Under the Paycheck Protection Program, which allows the SBA to distribute $350 billion to small businesses with 500 or fewer employees, lenders that are not participants in the SBA’s 7(a) program would be able to provide loans directly through the Treasury Department.
The bill says the authority to make loans shall be extended to "additional lenders" determined by the SBA and the Treasury Department to have the necessary qualifications to process, close, disburse and service loans made with the guarantee of the SBA.
Fintech lenders such as Kabbage and Funding Circle have been lobbying for Congress to pass legislation that would allow nonbanks to participate in the SBA’s emergency loan program in an effort to help get cash to small businesses quicker.
"The language does include opportunity for fintechs to support, but it's now up to the Treasury to finalize the definition. We're working closely on this," Sam Taussig, Kabbage's global policy head, told Banking Dive. "This is not the time to debate the definition of a bank, this is the time to help small businesses."
In an interview last week, Taussig told Banking Dive the company is concerned the SBA will not have the capacity to respond to a widespread disaster like the one brought on by the coronavirus.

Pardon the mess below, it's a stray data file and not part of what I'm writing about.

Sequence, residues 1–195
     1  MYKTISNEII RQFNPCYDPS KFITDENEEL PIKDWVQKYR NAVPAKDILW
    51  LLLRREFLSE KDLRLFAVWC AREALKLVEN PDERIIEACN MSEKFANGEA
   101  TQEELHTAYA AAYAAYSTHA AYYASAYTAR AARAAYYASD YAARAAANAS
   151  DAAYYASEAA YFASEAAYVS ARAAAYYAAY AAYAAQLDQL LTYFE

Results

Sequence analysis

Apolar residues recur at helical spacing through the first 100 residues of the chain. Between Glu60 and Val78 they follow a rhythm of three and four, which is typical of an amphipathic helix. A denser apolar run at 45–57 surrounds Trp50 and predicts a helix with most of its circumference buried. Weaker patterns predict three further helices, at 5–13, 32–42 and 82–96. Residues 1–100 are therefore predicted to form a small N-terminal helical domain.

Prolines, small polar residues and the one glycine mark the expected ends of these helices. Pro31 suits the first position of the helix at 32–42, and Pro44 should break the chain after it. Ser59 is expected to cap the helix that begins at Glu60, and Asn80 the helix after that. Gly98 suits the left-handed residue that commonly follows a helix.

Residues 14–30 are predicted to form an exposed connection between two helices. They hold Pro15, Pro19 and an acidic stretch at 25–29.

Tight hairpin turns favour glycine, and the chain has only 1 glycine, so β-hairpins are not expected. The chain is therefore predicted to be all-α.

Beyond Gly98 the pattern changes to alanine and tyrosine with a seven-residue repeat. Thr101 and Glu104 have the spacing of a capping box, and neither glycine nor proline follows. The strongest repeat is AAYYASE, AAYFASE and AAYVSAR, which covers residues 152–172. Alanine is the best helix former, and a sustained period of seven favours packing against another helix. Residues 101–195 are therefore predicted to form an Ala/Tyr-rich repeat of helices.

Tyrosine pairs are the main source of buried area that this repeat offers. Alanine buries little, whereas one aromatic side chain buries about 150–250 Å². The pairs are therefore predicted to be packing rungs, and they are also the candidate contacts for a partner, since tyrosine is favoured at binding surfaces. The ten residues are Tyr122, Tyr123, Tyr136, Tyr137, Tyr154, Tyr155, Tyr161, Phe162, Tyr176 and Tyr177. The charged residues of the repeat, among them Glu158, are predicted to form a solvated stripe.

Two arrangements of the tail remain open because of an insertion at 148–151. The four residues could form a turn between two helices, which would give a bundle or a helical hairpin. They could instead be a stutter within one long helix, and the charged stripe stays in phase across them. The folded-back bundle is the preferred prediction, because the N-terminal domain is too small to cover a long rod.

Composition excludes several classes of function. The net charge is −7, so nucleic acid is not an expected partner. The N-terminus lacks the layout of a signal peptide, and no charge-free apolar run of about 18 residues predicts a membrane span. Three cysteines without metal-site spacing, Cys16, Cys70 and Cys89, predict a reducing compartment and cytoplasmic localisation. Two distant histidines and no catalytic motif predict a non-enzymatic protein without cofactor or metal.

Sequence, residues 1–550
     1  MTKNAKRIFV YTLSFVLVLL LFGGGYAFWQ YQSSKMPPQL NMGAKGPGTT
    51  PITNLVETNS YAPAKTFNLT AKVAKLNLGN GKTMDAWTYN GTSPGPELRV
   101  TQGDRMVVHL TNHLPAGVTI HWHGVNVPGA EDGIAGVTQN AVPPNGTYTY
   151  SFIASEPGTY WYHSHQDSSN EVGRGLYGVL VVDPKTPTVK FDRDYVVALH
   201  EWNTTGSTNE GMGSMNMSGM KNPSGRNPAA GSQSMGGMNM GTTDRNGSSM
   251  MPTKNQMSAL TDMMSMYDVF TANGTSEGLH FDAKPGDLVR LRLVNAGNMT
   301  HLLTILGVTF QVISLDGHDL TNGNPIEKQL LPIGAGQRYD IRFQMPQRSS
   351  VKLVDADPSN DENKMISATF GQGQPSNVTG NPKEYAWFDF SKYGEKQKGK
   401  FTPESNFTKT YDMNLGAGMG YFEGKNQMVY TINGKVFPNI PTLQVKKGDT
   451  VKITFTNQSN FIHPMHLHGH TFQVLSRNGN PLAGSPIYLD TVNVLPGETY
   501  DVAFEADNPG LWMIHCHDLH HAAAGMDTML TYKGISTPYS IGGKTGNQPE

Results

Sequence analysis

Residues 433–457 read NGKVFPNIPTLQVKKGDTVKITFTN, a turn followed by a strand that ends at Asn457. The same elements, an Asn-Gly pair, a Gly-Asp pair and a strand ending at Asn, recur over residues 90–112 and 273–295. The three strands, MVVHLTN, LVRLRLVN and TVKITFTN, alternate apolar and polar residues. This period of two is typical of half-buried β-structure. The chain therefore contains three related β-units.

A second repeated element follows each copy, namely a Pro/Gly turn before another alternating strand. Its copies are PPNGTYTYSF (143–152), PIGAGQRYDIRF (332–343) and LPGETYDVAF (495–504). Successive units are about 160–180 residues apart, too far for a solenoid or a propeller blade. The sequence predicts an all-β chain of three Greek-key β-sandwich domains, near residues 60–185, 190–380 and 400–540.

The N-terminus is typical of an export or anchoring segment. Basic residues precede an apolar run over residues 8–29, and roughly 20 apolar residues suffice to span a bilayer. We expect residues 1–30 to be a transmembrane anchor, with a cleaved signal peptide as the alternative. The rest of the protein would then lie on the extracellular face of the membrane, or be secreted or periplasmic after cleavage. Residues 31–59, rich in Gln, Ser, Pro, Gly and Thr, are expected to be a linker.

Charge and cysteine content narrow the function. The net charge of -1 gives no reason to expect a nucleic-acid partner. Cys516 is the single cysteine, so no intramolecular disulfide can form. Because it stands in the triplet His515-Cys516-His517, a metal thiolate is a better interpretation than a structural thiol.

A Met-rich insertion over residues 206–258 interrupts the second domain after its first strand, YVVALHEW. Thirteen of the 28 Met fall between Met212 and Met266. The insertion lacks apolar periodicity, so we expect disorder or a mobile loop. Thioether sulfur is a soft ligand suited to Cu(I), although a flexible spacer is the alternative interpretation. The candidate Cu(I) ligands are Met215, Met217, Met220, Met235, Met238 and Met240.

"It’s tooled to respond to disasters like hurricanes, after the fact, where physical damage was sustained," he said.
Ryan Metcalf, head of U.S. regulatory affairs and social impact at Funding Circle, told Forbes nonbank online lenders have a critical role to play in the crisis.
"Funding Circle approves loans in under 24 hours and funds them in three days, whereas banks take on average a little over a month," he said. "Looking at SBA disaster relief funds, it’s over 30 days for those."
The trade group Financial Innovation Now (FIN), which represents fintechs Square, PayPal, Intuit and Stripe, has also been vocal in its calls to allow nonbank lenders to participate in the coronavirus relief effort.
In a letter sent to Congress last week, the group asked that its members be included in emergency U.S. government funding.
"FIN is concerned that many small businesses will run out of working capital in less than three weeks," the group said. "Small businesses are not well served by traditional financial institutions, nor will existing federal small business loan programs deliver funds soon enough."
As social distancing and mandatory shelter-in-place orders affect businesses across the country, many have started laying off workers.
Initial jobless claims soared to 3.28 million last week, according to data released Thursday by the Department of Labor.
"If there's no revenue coming in, then the small businesses will begin to make tough economic decisions, whether that's paying rent or their mortgage or laying off employees," Taussig said.